Penn State’s Post-Northwestern Report Card

Penn State football went on its second road trip of the season, this time to Evanston, Illinois, where it pounded Northwestern 41-13 despite a slow start.

The defense kept Penn State in the game for much of the first half as the offense struggled to gain anything on the Northwestern defense. The Nittany Lions matched the Wildcats score-for-score and went to the locker room tied 10-10 after the first half.

The second half, however, featured a tough Penn State offense that put up 31 points to Northwestern’s three.

With that being said, we tried to average out the two halves to see how Penn State’s position groups fared against Northwestern.

Quarterbacks: B

Drew Allar struggled to start this game. Despite ending the game with 189 yards and a touchdown pass from two yards out, Allar missed a lot. The first few drives of the game weren’t clean at all, and many drives stalled with a pass that landed at the feet of the intended receiver.

However, Allar attempted a few deep balls and also completed a 35-yard pass to KeAndre Lambert-Smith in what was his second-longest completion of the year. Despite the slow first half, Allar played well in the second and redeemed himself.

Beau Pribula entered the game on what ended up being the last offensive drive of the game and found Trey Potts for a 30-yard passing touchdown on his only passing attempt of the day.

Running Backs: A-

While the big plays weren’t there again, the running backs performed relatively well. Penn State rushed for exactly 67 yards in each half, and both Trey Potts and Nick Singleton scored a rushing touchdown. Singleton and Potts also added a receiving touchdown. Kaytron Allen left the game in the second quarter and Potts immediately took his spot and scored a 13-yard touchdown on his first play of the game.

Singleton ended the game with 80 yards on 21 carries, while Potts had three carries for 21 yards. Through a quarter and a half, Allen recorded 27 yards on six carries.

Wide Receivers: B

The wide receivers had another tough day without a reliable target in Trey Wallace, who was listed as questionable again against Northwestern and wasn’t targeted at all. Allar missed some throws that he should’ve made, but the receivers still didn’t contribute the way they have been.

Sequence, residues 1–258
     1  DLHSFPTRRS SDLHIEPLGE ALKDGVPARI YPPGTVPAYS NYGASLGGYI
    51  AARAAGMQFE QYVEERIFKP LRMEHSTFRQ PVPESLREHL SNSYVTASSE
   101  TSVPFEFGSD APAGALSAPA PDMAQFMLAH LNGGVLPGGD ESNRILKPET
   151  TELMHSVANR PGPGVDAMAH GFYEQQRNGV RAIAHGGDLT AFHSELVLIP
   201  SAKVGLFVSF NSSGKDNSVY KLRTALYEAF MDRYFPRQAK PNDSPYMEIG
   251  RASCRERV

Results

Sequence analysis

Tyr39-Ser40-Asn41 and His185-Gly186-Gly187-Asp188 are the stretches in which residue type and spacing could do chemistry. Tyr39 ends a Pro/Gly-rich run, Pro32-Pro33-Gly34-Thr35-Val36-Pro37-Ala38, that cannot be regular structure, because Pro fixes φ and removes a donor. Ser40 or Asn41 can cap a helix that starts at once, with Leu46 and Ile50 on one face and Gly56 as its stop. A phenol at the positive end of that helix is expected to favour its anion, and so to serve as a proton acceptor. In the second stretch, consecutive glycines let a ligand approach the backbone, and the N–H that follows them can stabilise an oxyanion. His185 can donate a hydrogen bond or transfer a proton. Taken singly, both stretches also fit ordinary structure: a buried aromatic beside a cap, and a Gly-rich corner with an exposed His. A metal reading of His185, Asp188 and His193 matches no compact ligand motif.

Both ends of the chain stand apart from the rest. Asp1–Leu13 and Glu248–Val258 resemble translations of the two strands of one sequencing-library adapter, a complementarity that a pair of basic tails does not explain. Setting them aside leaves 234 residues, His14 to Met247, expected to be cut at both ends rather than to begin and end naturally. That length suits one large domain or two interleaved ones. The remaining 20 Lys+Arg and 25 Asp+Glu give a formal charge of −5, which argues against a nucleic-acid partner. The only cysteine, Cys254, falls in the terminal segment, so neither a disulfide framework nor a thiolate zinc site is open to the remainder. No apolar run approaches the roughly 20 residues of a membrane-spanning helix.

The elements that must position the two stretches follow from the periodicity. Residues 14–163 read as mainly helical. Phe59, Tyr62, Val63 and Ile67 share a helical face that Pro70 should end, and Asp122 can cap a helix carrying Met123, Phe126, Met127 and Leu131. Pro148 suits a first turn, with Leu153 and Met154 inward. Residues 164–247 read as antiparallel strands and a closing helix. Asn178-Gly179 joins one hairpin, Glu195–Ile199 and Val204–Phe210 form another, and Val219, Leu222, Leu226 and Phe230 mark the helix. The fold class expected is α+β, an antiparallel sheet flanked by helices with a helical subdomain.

Lambert-Smith led receivers with 86 yards, but only caught half of his targets with a long of 35 yards, one of the longest passing plays of the season. Dante Cephas started again in place of Wallace but finished the game with 21 yards after catching two of his seven targets. Liam Clifford was the only other wide receiver to catch a pass. Clifford was targeted twice but only made one catch for six yards.

Tight Ends: A-

Much like in the West Virginia season opener, the tight ends weren’t used much against Northwestern. Theo Johnson and Tyler Warren combined for 38 yards through the air. Johnson caught two of the four balls thrown his way for 13 yards, while Warren caught two of his three targets for 25 yards.

Offensive Line: B

The offensive line still struggled to create big lanes for Singleton and the rest of the running backs to run through on Saturday. Penn State averaged 3.4 yards per rush but only allowed one sack during the matchup. Northwestern only hurried Allar three times with two tackles-for-loss in what was a good pass-blocking showing but a less-than-stellar run-blocking performance.

Front Seven: A+

The defense once again kept Penn State in the game early. Northwestern started its first drive at the Penn State 11-yard line and only managed a field goal. The defense sacked Ben Bryant seven times and made 12 tackles-for-loss that resulted in 59 yards lost for the Northwestern offense.

The Nittany Lion front seven slowed down in the turnover battle this week as it didn’t force a fumble or make any interceptions. The front seven also hurried Bryant six times.

Northwestern only managed 45 yards on the ground Saturday in what has been a dominant few weeks against the run by Penn State.

Secondary: A+

Northwestern’s passing game didn’t work against the Penn State defense, either. The cornerbacks and safeties allowed only 130 yards through the air. Kevin Winston led the team with four solo tackles, while Keaton Ellis recorded three tackles of his own. Daequan Hardy secured Penn State’s only turnover of the game on a play that looked like backup Northwestern quarterback Brendan Sullivan mistook Hardy for a player on his own team and threw the ball right to him.

Special Teams: C

Special teams once again struggled on Saturday, only this time, the returners had a tough time, while the kickers fared well. Singleton fumbled on the opening kickoff and started the bad momentum that infected the team throughout the first half. Kaden Saunders didn’t do much while returning punts, finding two yards on his only return attempt.

Alex Felkins went 2-2 on field goals from both 20 and 47 yards while Riley Thompson punted four times for an average of 46.8 yards and a long of 50. Thompson also pinned the Wildcats inside their own 20-yard line twice.

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About the Author

CJ Doebler

CJ is a junior double majoring in broadcast journalism and finance. He is from Northumberland, Pa, just east of State College. CJ is an avid Pittsburgh sports fan, but chooses to ignore the Pirates' existence. For the occasional random retweet and/or bad take, follow @CDoebler on Twitter. All complaints can be sent to [email protected].

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